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R.E.S.P.E.C.T: the importance of respect in our classrooms

This was my first year of teaching, more than ten years ago:

Student enters. “Fxxk this class!” Middle fingers get thrown up. Student exits. Class resumes, mostly unfazed.

Without fail, almost two or three times a week, this particular middle school student would open class with her remarkable entrance and exit. In a matter of seconds, she’d enter, side-eye me and her classmates, pause as if deliberating in front of a jury, and then moonwalk out of class with her fingers doing the rest of the talking.

No disrespect to my student; both she and I didn't feel respected.

Context: how did we get here?

I have been in the San Francisco Bay Area since 2007. From San Francisco to Berkeley, all the way down to East Palo Alto and San Jose, I have been working in and with multi-ethnic, multicultural, multilingual Bay Area communities for almost 15 years. I used to be some out-of-state, out-of-pocket college kid who, out of ignorance, couldn’t identify anyone outside of Black folks, White folks, and Mexican folks. That’s a Texas (academic and cultural) education for ya. And now they speak of banning Critical Race Theory and Ethnic Studies.

Based on my upbringing in Texas, I had no business doing service in other ethnic communities. You're probably wondering, how have I sustained my teaching practice and my overall life in the Bay Area?

Simply put. Respect. However, it is not as simple or offensively stereotypical as bowing to elderly Chinese folks, bringing Coronas to the Cinco De Mayo party, or staying outside with the Armenian men for a smoke while the women talk inside.

No, really, think about it. Some of us may love another’s culture to the point of imitation; however, if we respected another’s culture, we wouldn’t think to appropriate it or “try it on,” especially for status, monetary gain, or cultural brownie points. Folks window-shop cultures and refuse to pay the price of struggle.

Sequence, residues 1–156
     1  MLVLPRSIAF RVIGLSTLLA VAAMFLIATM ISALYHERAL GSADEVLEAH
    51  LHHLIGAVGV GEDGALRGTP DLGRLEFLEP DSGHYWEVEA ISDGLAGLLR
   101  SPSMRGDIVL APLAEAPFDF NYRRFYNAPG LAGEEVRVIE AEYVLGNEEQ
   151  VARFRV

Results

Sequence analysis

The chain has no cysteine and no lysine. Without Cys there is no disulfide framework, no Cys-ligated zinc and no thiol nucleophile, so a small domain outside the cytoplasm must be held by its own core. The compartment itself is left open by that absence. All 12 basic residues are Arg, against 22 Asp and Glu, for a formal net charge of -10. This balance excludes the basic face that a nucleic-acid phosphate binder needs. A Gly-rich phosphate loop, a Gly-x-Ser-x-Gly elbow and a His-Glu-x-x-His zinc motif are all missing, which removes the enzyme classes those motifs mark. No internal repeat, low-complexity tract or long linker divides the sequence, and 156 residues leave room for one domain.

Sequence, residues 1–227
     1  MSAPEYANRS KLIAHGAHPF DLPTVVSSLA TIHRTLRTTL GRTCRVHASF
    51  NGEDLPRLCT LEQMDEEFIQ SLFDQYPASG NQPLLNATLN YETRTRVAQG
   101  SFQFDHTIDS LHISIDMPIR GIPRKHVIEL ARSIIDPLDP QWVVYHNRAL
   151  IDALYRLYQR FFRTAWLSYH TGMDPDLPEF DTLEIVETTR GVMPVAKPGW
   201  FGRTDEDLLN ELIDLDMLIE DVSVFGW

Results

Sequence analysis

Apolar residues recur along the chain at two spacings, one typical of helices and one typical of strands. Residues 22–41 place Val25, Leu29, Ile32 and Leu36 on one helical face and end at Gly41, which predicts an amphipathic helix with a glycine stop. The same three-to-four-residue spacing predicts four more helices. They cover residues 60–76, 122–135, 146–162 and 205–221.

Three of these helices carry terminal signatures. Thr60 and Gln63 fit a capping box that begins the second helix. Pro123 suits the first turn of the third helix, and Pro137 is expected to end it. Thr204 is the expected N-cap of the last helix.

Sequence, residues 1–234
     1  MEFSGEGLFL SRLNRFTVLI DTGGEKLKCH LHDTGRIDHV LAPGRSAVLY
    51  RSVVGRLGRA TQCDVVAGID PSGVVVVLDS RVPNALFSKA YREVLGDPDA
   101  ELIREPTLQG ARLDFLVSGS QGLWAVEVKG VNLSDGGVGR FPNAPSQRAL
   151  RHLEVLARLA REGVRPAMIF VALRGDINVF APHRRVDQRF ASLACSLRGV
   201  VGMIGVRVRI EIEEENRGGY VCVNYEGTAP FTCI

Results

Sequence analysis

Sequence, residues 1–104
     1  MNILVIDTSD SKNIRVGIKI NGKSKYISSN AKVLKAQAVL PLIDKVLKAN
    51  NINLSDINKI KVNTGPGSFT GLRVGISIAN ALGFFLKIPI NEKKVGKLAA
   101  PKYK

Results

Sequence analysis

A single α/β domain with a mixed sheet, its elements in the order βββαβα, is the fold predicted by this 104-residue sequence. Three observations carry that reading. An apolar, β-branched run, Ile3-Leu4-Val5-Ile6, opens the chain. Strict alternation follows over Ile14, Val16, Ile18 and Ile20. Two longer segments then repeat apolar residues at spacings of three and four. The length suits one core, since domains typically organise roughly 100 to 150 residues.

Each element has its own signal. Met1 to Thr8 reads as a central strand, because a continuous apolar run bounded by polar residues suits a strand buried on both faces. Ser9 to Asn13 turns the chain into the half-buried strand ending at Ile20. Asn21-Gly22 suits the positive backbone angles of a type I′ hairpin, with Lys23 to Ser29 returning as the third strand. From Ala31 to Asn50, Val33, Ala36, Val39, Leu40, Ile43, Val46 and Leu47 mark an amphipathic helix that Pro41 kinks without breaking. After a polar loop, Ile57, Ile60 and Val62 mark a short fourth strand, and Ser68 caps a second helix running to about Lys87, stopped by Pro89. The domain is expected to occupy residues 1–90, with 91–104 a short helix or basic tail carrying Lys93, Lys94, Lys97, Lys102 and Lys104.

If I respect you and the cultures of my peers, colleagues, students, and general community members, I wouldn’t scoff at the sight, the taste, and the scents of folk’s food; hell, people hopefully wouldn't scoff at the sights, the (cultural) tastes, and the sense of Black folx. If I respect you, I wouldn't disregard, dismiss, or dissociate from the silence and the violence my neighbors experience. It’s a big assumption to say we are neighbors, other than just individuals living in close proximity, just trying to co-exist let alone cooperate.

I can respect someone or something without fully understanding or accepting them or it. If anything, the desire to be respected and or gain respect offers me the opportunity to be curious, conscious, and compassionate about different histories and life experiences.

In order to understand the different cultural forms and displays of respect, I need perspective, meaning what is “respect,” specifically in respect to whom or what? This pivotal prepositional phrase, “in respect to,” challenges me to think relationally and internally about my upbringing in conjunction with other ways of living and thinking.

The adjective “respective” prompts me to see differences, draw boundaries, and honor unique cultural individualities. What did you expect from an English teacher, whose job could be framed as “language policing” but more realistically whose job calls him to parse out conceptual nuances afforded by parts of speech?

So What: why are you bringing up this whole respect thing?

I know you all have seen the mass exodus of teachers leaving the classroom and the profession. Many teachers blame the unrealistic expectations and the unsustainable workload; others cite the unruly, disrespectful behavior of Gen Z students; some say the pay ain’t worth the pain of standing in front of little beings who can reflect the worst of society. Tupac said " 'T.H.U.G. L.I.F.E.' 'til I die."

Respectfully, I have to tell you something, from teacher to teacher: in a pre-and post-COVID world, one in which social media videos and police body-cams, alike, show, reward, condone, and or popularize unhealthy, anti-social, violent behavior, we as teachers, guardians, and community members, may not be showing respect when we a) fail to understand our own definitions of respect as well as our students’ respective individual and cultural understandings of respect b) fail to co-create and cooperate around shared understandings of respect in our classrooms c) fail to consider the outside influences on us and our young people.